The United Kingdom


Unlike many other countries, the reporting obligations on individuals, businesses and government in the UK do not coincide with the calendar year. The fiscal year in the UK starts on 6 April and runs until 5 April of the following year.


The reasons for this date back to the 18th century and the introduction of the Gregorian calendar, and the date of 6th April has been in place since 1800!


Slightly different rules apply to limited companies, which use an anniversary fiscal year according to the date upon which the business was registered with Companies House.


To muddy the waters even more, the UK financial year, which is the period the government uses to set the Budget, runs from 1 April to 31 March.


What does the fiscal year mean for business?


The fiscal year is used to structure financial reporting and, among other things, to identify how much

To make things simple, most companies align their accounting cycle with their fiscal year. This means that the business’s journal entries, chart of accounts, and balance sheet can be used for both tax reasons and for their own internal purposes, such as financial statement analysis. Aligning both the fiscal and accounting year means that all the procedures involved in preparing the year-end accounts need only be undertaken once.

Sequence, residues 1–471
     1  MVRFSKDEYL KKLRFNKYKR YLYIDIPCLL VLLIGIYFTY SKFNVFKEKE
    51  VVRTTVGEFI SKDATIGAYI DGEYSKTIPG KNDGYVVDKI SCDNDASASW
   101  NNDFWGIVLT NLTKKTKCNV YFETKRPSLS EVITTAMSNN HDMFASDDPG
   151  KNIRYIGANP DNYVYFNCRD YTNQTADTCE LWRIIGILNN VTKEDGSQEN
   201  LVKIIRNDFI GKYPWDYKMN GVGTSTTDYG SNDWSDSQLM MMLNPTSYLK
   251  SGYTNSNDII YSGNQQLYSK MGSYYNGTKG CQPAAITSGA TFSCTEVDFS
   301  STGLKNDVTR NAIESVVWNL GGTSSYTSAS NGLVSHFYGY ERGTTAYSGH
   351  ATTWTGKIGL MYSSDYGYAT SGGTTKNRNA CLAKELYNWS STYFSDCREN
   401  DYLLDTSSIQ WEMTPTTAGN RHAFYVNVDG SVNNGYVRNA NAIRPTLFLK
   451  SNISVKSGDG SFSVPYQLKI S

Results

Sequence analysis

This is particularly convenient for small- and medium-sized businesses, while large corporations may decide to define a different fiscal year for accounting purposes. This may reflect a particularly seasonal business cycle, such as holidays, peak travel times, or fashion seasons. Adopting a simple calendar year approach may in fact penalise companies whose revenue is uneven over the course of consecutive years.


Reporting on the fiscal year is also important to external stakeholders such as investors and clients, who can analyse performance over the fiscal year in order to inform their decisions about their future relationship with the business.


Streamlining your fiscal year


Whether you have adopted cash or accrual accounting methods, introducing streamlined financial reporting procedures into your business, regardless of its size, is guaranteed to make your end-of-year reporting infinitely less stressful.


Mooncard’s all-in-one software solution can be tailor-made to your company’s fiscal year and can help you keep track of the financial health of your business over the year. Generating reports for tax purposes as well as for your own internal strategic analysis becomes a breeze.


Book a demo today to find out how Mooncard can help you optimise your accounting procedures, turning a chore into an opportunity.


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Yannick Agbohoun

Yannick Agbohoun

Currently Accounting Manager at Mooncard, Yannick Agbohoun was one of the company's first employees. He has extensive expertise in managing complex accounting and financial challenges.